Image courtesy of Brooklyn Museum.
Kehinde Wiley’s triumphant “Napoleon Leading the Army over the Alps” (2005), a hallmark of our collection, comes face to face with the nineteenth-century painting on which it is based: Jacques-Louis David’s “Bonaparte Crossing the Alps” (1800–1). The unprecedented pairing of these two magisterial portraits, in the exhibition “Jacques-Louis David Meets Kehinde Wiley,” also marks the first time David’s original version of “Bonaparte Crossing the Alps” is on view in New York.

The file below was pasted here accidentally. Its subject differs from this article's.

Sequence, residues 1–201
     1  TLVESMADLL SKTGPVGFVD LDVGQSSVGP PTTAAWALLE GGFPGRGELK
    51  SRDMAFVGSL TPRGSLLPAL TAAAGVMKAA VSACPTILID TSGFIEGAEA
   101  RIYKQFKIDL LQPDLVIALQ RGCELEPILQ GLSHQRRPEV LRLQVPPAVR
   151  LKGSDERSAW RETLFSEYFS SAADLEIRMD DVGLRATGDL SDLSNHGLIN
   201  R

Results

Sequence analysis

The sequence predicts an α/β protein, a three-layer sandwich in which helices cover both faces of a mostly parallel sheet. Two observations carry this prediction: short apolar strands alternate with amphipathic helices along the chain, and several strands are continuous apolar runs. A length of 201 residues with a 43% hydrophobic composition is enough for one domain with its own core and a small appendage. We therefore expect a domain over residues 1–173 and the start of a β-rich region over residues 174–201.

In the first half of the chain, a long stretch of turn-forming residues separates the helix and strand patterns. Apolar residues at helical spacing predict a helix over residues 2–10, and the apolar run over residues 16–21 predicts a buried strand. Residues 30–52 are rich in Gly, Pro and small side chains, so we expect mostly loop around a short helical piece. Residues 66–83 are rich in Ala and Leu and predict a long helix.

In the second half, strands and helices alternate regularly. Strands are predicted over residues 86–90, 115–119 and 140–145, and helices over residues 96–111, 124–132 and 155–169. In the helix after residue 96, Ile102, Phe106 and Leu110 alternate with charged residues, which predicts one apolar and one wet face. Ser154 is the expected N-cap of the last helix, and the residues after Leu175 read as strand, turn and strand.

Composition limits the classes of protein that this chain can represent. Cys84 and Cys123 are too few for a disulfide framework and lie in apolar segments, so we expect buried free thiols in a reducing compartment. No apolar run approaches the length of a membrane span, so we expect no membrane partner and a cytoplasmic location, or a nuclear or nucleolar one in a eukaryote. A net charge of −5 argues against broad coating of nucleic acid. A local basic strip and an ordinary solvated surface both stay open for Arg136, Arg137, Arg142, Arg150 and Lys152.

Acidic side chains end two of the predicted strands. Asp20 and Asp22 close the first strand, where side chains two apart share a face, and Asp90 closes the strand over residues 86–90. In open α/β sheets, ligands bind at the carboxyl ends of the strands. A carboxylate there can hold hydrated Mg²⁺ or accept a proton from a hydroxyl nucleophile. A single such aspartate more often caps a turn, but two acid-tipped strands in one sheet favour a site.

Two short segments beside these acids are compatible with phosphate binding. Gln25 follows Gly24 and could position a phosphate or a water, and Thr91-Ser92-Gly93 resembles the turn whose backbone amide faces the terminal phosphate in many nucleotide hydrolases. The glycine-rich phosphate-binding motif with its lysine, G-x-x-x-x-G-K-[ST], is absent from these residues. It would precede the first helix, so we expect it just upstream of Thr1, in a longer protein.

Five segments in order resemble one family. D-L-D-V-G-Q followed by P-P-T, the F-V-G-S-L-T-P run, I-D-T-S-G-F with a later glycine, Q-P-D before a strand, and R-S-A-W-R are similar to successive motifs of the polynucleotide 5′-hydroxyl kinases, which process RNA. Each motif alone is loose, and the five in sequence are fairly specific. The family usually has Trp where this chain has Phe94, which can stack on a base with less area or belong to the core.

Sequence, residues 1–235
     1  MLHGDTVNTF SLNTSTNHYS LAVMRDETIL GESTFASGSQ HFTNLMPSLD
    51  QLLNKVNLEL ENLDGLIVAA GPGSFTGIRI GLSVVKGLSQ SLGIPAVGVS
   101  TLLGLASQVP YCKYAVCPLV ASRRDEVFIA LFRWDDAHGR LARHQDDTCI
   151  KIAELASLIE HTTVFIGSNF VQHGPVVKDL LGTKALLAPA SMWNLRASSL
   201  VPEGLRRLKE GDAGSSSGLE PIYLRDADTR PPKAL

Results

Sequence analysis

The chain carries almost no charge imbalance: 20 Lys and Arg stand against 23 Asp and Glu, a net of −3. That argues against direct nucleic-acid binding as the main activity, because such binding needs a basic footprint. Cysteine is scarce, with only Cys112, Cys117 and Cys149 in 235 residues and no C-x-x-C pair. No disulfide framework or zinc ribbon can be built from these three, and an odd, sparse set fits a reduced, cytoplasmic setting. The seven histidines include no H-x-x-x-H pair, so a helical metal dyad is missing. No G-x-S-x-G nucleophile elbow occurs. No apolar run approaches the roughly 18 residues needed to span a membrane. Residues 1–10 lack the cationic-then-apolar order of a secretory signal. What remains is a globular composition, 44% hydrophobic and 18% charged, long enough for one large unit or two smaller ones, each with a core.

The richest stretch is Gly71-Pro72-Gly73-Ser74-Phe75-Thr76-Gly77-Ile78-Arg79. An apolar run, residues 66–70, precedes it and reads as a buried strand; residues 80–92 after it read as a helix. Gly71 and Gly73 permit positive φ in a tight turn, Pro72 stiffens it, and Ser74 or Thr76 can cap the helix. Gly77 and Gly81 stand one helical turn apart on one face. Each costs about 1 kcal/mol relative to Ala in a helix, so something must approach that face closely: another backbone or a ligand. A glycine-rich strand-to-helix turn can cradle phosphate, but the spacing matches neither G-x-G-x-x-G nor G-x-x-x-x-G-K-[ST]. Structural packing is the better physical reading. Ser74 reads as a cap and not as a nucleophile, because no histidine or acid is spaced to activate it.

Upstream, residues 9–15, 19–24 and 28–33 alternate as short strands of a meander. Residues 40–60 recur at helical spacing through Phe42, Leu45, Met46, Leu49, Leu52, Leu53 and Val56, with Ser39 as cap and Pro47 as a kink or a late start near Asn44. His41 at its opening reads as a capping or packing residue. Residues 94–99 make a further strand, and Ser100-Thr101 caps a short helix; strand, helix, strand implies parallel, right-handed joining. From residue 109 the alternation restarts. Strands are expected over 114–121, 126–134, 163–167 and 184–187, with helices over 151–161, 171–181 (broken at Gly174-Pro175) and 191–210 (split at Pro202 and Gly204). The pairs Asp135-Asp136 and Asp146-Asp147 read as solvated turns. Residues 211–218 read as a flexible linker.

Seen together, the works by David and Wiley reveal how race, masculinity, power, and representation layer onto portraiture and shape the writing of history. Both paintings cast their protagonists—be it the French general Napoleon Bonaparte or an unnamed man in everyday streetwear—within a heroic tradition of equestrian portraiture. However, each artist defines an icon that reflects the unique political, historical, social, and artistic conditions of their day and age. This project emerges from a collaboration with the Château de Malmaison, France, whose presentation Kehinde Wiley Meets Jacques-Louis David (2019–20) unites both portraits in the historic home of Josephine and Napoleon Bonaparte.